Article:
Deadly Listeria outbreak traced to deli meat and cheese; CDC says some should avoid all delis

The CDC is recommending that certain people not eat any meat or cheese from any deli counters because of a deadly outbreak of infections from Listeria.

The warning is mostly for people who are at high risk for infection, such as people 65 and older, pregnant women, or people with compromised immune systems.

So far the outbreak has sickened 16 people across six states. Thirteen people have required hospitalization and one has died. One of the sick people one was a pregnant woman with an infection resulting in the loss of a baby.

As of this afternoon, sick people range in age from 38 to 92 years old, with a median age of 74, and 62 percent are male. Of 13 people with ethnic information available, 11 are of Eastern European background or speak Russian. The sick people range from New York to California.

“Of the 12 people interviewed, 11 reported eating meat or cheese from deli counters. Among seven sick people in New York, five bought sliced deli meat or cheese from at least one location of NetCost Market, a grocery store chain that sells international foods,” the CDC reported. 

However, sick people from other states purchased deli meats or cheeses from other delis.

“Investigators do not believe that NetCost Market delis are the only source of illnesses because some sick people in the outbreak did not shop at a NetCost Market. A contaminated food likely introduced the outbreak strain of Listeria into delis in multiple states,” according to the CDC.

The agency says it is difficult for investigators to identify a single food as the source of outbreaks linked to deli meats and cheeses. This is because Listeria spreads easily between food and the deli environment and can persist for a long time in deli display cases and on equipment. A contaminated food likely introduced the outbreak strain of Listeria into delis in multiple states. Investigators are working to identify any specific products or delis that may be contaminated with the outbreak strain.

Sick people’s samples were collected from April 17, 2021, to Sept. 29 this year. The CDC reports that the true number of sick people in this outbreak is likely higher than the number reported, and the outbreak may not be limited to the states with known illnesses. It can take up to 70 days for symptoms of Listeria infection to appear, making it difficult to diagnose and find the source of the pathogen.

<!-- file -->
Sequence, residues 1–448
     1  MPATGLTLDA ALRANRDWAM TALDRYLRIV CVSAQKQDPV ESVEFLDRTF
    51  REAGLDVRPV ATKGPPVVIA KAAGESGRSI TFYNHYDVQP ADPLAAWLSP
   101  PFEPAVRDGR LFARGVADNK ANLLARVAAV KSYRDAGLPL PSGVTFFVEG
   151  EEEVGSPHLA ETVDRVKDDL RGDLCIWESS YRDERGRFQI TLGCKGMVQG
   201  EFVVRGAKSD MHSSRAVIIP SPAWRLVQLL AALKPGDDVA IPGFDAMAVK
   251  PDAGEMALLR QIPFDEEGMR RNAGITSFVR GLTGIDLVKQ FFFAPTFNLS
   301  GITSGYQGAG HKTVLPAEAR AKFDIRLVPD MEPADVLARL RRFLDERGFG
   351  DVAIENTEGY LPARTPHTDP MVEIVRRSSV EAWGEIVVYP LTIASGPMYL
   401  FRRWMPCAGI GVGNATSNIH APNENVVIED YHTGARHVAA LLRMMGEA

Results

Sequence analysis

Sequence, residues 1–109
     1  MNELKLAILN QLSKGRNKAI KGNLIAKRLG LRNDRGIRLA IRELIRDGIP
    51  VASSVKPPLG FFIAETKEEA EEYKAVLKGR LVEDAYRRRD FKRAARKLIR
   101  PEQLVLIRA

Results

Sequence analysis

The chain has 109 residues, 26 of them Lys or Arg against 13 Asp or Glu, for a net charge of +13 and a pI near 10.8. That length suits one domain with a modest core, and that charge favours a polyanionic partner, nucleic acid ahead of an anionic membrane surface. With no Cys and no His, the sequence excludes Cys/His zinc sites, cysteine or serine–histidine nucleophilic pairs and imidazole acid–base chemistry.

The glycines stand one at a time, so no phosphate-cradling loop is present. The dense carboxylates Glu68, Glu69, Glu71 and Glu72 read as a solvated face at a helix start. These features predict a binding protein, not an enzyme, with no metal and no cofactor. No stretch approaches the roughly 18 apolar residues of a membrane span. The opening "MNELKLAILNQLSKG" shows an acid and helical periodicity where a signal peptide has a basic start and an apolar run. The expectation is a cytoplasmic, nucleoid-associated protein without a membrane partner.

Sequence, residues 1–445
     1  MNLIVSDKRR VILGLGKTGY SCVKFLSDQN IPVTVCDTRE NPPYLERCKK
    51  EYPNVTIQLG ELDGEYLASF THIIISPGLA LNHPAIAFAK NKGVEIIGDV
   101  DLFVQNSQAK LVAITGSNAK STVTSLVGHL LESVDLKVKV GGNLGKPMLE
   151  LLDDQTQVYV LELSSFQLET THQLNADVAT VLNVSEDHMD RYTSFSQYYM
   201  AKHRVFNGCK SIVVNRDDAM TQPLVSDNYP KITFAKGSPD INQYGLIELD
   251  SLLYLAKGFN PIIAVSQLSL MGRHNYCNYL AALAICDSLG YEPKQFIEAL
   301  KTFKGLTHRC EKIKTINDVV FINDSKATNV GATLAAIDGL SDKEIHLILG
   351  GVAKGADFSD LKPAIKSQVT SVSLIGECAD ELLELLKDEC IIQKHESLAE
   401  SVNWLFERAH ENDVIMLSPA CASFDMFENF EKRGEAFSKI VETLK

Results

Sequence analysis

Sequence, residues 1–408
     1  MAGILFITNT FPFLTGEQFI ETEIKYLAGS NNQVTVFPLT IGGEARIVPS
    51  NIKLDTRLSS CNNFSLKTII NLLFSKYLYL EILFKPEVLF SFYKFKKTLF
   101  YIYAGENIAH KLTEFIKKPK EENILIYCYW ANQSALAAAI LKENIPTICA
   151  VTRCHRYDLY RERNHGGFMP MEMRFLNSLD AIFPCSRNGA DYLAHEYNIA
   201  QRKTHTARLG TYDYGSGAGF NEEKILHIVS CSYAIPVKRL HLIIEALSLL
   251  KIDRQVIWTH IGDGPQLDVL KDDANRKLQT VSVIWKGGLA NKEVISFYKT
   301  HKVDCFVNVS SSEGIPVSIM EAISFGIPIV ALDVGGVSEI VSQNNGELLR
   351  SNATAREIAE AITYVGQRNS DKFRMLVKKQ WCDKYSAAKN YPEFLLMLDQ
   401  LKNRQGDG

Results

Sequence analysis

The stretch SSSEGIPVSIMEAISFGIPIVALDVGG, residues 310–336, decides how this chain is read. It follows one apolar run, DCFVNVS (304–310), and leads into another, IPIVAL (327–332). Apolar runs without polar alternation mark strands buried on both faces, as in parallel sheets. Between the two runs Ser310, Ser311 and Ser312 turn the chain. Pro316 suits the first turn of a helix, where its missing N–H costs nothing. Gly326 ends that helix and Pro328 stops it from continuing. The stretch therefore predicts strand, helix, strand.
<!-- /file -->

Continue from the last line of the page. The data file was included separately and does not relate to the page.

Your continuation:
Also, some people recover without medical care and are not tested for Listeria.

Whole genome sequencing — genetic fingerprinting — showed that bacteria from sick people’s samples are closely related genetically. This suggests that people in this outbreak got sick from the same food.

In 2021, health officials in New York state and New York City found the outbreak strain of Listeria in several environmental and food samples:

  • Environmental samples from a NetCost Market deli in Brooklyn
  • Several open packages of mortadella and ham were sliced at the same NetCost Market deli in Brooklyn
  • Sliced salami that a sick person bought from a NetCost Market deli in Staten Island

NetCost Market voluntarily closed the deli temporarily in Brooklyn after notified them about the sampling results. NetCost Market performed a deep cleaning and then reopened the deli in Brooklyn after further environmental testing did not identify Listeria.

In September 2022, the outbreak strain was found at the same Brooklyn NetCost Market deli; however, the most recent illness with NetCost Market exposure was in October 2021. After a deep cleaning, additional environmental testing did not identify Listeria in the deli.

About Listeria infections

Food contaminated with Listeria monocytogenes may not look or smell spoiled but can still cause serious and sometimes life-threatening infections. Anyone who has developed symptoms of Listeria infection should seek medical treatment and tell their doctors about the possible Listeria exposure.

Also, it can take up to 70 days after exposure to Listeria for symptoms of listeriosis to develop. 

Symptoms of Listeria infection can include vomiting, nausea, persistent fever, muscle aches, severe headache, and neck stiffness. Specific laboratory tests are required to diagnose Listeria infections, which can mimic other illnesses. 

Pregnant women, the elderly, young children, and people such as cancer patients who have weakened immune systems are particularly at risk of serious illnesses, life-threatening infections, and other complications. Although infected pregnant women may experience only mild, flu-like symptoms, their infections can lead to premature delivery, infection of the newborn, or even stillbirth.

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